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God's Crucible: Islam and the Making of Europe, 570-1215    by David Levering Lewis order for
God's Crucible
by David Levering Lewis
Order:  USA  Can
W. W. Norton, 2008 (2008)

Read an Excerpt

* * *   Reviewed by Alex Telander

In a time when Western involvement in the Middle East seems almost certain to last for the rest of this generation's lives, it is more important than ever to understand why. The Middle East is still a very misunderstood place, of whose deep and complex history most have little inkling; a history without which the development of disciplines like medicine, mathematics and astronomy would be severely retarded. God's Crucible: Islam and the Making of Europe, 570-1215 by David Levering Lewis, a professor at New York University, is a book that takes readers back to the very beginning of Islam, and the specific instances that led to its creation.

Lewis begins with the fall and breakup of the Roman Empire, explaining how the western known world devolved from a seemingly unstoppable empire to crumbling and divided countries. Lewis sets the stage with the western chunk of the Roman Empire being overrun by invading barbarian hordes, and the more successful eastern part consisting of Byzantium and nearby Persia. At a time of growing interest in Christian and Jewish beliefs, along with the less popular Zoroastrian faith, as well as other smaller cults, the Middle East seemed ready for a new prophet. In the beginning prophets are rarely seen as the great, world-altering people that they are, and Lewis points out that such was the case with Muhammad. He gives us a fascinating look into a religion and culture that has captivated and converted the hearts and minds of a considerable portion of the world population.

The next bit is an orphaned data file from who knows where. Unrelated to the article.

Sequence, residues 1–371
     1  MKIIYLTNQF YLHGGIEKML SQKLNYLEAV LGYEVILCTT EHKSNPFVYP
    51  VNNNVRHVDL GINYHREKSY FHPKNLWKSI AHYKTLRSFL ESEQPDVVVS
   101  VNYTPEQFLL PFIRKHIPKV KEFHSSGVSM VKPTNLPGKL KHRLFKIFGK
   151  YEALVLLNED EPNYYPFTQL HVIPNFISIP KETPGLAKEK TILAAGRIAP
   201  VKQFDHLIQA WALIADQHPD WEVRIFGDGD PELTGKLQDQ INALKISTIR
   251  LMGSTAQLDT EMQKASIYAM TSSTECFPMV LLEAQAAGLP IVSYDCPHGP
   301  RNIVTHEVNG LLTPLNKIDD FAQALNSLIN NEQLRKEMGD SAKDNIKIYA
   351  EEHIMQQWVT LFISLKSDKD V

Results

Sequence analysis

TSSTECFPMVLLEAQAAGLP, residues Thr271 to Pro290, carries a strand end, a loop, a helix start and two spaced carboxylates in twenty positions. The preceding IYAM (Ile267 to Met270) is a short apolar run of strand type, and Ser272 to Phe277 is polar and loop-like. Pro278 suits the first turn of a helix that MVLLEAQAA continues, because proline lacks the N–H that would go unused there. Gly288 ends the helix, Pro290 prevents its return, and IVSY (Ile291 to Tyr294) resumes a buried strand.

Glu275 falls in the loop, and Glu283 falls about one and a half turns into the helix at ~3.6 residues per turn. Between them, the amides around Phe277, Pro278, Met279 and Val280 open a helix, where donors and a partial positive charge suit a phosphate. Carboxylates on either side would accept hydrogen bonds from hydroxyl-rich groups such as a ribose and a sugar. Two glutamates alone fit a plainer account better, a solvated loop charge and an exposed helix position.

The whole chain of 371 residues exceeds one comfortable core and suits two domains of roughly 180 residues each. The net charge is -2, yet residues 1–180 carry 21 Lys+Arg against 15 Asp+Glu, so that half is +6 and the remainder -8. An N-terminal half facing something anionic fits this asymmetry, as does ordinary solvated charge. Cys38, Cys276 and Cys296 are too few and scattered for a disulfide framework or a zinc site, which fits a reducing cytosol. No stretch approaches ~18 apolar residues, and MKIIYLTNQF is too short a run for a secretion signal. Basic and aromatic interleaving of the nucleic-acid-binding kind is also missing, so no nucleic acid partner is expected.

Along with the development of the growing faith of Islam, Lewis goes into detail on the genesis of the Muslim Empire, as it swept across the western world country by country, converting and conquering, ruthless in its unstoppable pace. Lewis does a good job of providing a quick history lesson of each people that the Muslim army faced in its conquest, but fails somewhat in going into depth on the complex culture of the Muslim Empire as it grew and developed over the centuries, focusing more on the important battles, winners and losers. Nevertheless, God's Crucible is a very important book to the modern world, one that at the very least gives some context to the status quo.

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